A new, full-colour edition of this inspiring and fascinating work of Celtic spirituality. Starting with the ancient sun-oriented monuments of the megalithic age, Streit traces an unbroken spiritual culture in Ireland from the time of stone circles and dolmens, through the Celtic era, into the period of the early Christian stone crosses. The highly evolved stone-age culture was absorbed and developed by the Celts when they settled in Ireland in the centuries before Christ. They in turn found it natural to accept Christianity which developed in a unique manner in such a spiritual climate. Early hymns and liturgical texts, combining the older nature practice with the new religion of Christianity, bear witness to this unbroken evolution. Finally, Streit depicts the amazing missionary zeal of monks like Columbanus who established Celtic Christianity across the vastness of Europe during the Dark Ages, until its suppression by the Church of Rome in the eighth century. Fully illustrated in colour, this is a book for giving and cherishing.
'The republication of this book has been long-awaited. It includes a wonderful selection of photographs, illustrations, poetry and quotations. It is an essential sourcebook for anybody interested in Celtic spirituality and Celtic history.'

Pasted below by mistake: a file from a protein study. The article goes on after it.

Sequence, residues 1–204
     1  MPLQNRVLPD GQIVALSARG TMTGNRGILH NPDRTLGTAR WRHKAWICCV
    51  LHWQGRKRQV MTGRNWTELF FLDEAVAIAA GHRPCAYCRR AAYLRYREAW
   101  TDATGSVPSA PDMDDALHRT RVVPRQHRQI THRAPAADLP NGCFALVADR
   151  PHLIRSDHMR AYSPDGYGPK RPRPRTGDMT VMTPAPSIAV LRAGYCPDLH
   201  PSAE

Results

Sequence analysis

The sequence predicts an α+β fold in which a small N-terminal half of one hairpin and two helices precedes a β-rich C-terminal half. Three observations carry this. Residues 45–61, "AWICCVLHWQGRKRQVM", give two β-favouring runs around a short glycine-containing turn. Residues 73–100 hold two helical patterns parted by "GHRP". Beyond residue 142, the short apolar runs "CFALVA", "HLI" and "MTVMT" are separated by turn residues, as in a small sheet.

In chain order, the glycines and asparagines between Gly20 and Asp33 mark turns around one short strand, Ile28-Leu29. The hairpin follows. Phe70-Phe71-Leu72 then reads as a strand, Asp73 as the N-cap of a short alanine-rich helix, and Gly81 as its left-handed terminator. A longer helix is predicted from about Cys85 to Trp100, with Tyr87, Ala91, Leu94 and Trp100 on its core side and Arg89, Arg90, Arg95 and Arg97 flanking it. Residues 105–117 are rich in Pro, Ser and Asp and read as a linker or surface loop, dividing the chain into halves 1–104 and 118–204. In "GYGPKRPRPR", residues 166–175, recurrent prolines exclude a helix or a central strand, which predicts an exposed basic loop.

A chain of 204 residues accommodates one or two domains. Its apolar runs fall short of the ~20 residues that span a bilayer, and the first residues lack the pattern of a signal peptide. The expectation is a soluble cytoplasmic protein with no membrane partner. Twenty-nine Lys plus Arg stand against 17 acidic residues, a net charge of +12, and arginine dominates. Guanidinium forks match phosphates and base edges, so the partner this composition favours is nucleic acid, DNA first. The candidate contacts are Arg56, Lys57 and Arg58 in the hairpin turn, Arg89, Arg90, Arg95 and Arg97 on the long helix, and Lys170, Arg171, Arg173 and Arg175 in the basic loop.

-- Dara Molloy, Aisling Magazine, 2004
'A beautifully produced and highly informative book about the development and flowering of early Christianity in Ireland. A fascinating section on sun spirals explains their relationship to the cycle of the year and to incarnation and excarnation. An authoritative account conveying the spirit of the tradition.'
-- Scientific & Medical Network Review, Summer 2004
'There are lots of picture and diagrams of Ireland's fantastic ancient monuments and stone crosses. Engrossing'.
-- Julie Chamberlain, Coventry Evening Telegraph, 5 June 2004
'Streit makes a good case for there being Irish Christians before St Patrick. This is a handsome book with plenty of photographs, [...] and the tragic story of the rise and fall of the Irish Church makes compelling reading.'
-- Northern Earth, December 2005